Variable costs explained

London Chinatown -- StoreVariable costs are costs that change with sales volume.  The greater your sales, the greater your variable costs.

I’ll continue using the example of a candy store from my fixed cost post.  I previously explained that fixed costs are do not change with sales volume, such as rent or utilities.  In that same candy store, the greatest variable cost would be the cost of the actual candy itself.  The more candy you sell, the more candy you have to buy and pay for.  I

The manager should understand their business’s cost behavior – what costs are variable and what costs are fixed.  I’ll give you some examples.

A Taxi driver earns sales revenue based on mileage (mostly).  The more they drive, the more they earn.  Therefore, gasoline would be a variable cost.  Suppose that a taxi driver leases the car.  Monthly lease payments would be fixed.

An airline earns sales revenue based on the number of passengers taking flights.  Whether an aircraft is 90% full or 90% empty, it will use about the same amount of fuel to fly from New York to Los Angeles.  Therefore, jet fuel would be a fixed cost.  What costs would be variable?  Peanuts.  The more passengers who fly, the more peanuts that the attendants will need to distribute.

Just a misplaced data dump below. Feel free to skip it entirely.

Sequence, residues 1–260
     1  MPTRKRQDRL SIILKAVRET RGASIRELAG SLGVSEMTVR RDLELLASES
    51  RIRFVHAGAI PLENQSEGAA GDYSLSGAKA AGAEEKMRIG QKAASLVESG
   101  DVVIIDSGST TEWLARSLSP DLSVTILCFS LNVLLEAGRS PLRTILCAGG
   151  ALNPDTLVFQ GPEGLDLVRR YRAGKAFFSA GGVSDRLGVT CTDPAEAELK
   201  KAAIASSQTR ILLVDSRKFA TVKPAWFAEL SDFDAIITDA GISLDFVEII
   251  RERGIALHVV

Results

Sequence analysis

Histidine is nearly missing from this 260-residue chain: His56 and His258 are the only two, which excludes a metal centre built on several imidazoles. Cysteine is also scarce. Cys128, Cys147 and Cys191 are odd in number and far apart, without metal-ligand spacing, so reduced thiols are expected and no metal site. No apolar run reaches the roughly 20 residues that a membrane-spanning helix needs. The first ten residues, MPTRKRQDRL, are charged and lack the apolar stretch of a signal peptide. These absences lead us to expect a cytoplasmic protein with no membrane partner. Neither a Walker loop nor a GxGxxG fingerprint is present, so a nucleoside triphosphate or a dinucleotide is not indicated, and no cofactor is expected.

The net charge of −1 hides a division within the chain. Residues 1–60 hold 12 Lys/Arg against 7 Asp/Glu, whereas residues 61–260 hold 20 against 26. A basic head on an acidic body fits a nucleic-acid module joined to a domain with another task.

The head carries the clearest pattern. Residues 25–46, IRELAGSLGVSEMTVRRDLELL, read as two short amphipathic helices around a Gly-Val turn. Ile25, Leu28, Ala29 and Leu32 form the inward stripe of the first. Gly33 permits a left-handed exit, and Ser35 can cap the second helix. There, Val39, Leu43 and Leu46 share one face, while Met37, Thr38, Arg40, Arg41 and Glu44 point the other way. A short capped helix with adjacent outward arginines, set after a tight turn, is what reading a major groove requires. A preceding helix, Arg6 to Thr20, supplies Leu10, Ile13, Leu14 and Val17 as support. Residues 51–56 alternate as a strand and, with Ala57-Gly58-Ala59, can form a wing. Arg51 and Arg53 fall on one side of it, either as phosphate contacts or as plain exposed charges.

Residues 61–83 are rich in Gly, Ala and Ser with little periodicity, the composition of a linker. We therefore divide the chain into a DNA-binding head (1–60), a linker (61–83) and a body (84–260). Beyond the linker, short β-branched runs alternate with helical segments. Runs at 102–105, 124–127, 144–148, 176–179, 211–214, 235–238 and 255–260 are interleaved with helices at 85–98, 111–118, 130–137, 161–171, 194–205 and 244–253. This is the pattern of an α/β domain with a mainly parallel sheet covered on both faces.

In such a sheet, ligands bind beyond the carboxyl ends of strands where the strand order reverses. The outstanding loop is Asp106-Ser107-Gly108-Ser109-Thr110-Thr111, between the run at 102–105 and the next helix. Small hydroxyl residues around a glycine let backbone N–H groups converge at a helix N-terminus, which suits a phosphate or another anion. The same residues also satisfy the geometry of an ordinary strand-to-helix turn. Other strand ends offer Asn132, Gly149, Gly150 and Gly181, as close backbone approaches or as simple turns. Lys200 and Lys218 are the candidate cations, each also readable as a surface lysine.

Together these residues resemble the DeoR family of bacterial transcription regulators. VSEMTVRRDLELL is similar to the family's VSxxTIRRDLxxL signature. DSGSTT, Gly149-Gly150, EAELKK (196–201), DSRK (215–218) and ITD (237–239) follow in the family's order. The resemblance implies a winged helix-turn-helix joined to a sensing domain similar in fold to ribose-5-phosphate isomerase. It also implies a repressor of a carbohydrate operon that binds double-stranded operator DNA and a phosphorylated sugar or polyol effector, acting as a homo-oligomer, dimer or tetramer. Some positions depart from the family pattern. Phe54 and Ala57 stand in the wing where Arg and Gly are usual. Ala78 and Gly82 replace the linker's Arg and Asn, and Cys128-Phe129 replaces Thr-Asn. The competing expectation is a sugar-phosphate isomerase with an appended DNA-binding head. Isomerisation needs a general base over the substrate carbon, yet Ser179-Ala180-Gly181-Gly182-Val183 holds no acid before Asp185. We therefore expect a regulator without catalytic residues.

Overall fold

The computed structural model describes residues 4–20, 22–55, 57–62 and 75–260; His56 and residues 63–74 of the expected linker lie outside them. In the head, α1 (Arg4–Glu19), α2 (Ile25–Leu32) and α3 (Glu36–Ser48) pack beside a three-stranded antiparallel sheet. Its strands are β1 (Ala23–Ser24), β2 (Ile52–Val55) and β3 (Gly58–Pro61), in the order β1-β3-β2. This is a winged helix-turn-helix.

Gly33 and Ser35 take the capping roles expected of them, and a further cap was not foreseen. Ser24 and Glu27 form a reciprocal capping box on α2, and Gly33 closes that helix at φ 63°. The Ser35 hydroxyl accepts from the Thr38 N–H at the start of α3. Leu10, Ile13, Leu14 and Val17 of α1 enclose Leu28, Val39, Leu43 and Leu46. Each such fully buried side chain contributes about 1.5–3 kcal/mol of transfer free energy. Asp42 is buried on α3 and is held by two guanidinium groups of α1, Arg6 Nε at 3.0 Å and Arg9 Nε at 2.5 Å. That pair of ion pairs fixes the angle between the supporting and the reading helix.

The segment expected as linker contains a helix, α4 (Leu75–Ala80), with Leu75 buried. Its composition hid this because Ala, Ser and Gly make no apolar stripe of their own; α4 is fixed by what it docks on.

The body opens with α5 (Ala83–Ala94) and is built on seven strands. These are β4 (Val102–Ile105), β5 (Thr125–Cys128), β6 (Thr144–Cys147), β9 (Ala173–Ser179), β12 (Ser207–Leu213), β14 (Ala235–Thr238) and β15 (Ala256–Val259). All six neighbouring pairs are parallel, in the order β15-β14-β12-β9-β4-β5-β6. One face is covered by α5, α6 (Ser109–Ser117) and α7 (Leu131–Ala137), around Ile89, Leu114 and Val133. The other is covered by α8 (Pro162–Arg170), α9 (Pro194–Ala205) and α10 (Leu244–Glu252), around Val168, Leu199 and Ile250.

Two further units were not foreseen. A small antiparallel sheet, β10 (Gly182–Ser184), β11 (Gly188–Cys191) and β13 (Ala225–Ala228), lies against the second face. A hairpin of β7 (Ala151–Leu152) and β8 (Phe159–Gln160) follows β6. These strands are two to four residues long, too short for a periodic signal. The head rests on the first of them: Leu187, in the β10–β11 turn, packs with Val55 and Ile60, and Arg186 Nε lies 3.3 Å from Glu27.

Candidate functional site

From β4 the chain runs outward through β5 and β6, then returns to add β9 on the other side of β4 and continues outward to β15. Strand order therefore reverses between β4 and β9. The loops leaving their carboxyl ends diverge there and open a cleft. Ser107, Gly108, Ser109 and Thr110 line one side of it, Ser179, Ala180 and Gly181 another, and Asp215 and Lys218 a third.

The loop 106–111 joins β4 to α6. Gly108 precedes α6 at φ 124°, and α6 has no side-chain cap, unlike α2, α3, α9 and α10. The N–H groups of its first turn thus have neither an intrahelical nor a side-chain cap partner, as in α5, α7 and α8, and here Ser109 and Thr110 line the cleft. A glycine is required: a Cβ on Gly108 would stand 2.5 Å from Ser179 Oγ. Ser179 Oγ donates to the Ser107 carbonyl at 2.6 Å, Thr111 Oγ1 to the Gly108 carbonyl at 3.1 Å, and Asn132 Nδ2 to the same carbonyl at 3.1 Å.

Having more variable costs (in relation to fixed costs) will make your business more flexible and more capable of successfully dealing with changes in sales volume.  A taxi driver (who has more variable costs) can be more flexible than a an airline (which has more fixed costs).

[Image – London Chinatown — Store by C. G. P. Grey, on Flickr]

About Mark P. Holtzman

Chair of Accounting Department at Seton Hall University. PhD from The University of Texas at Austin. Worked at Deloitte's New York Office. BSBA from Hofstra University.

5 Responses to “Variable costs explained”

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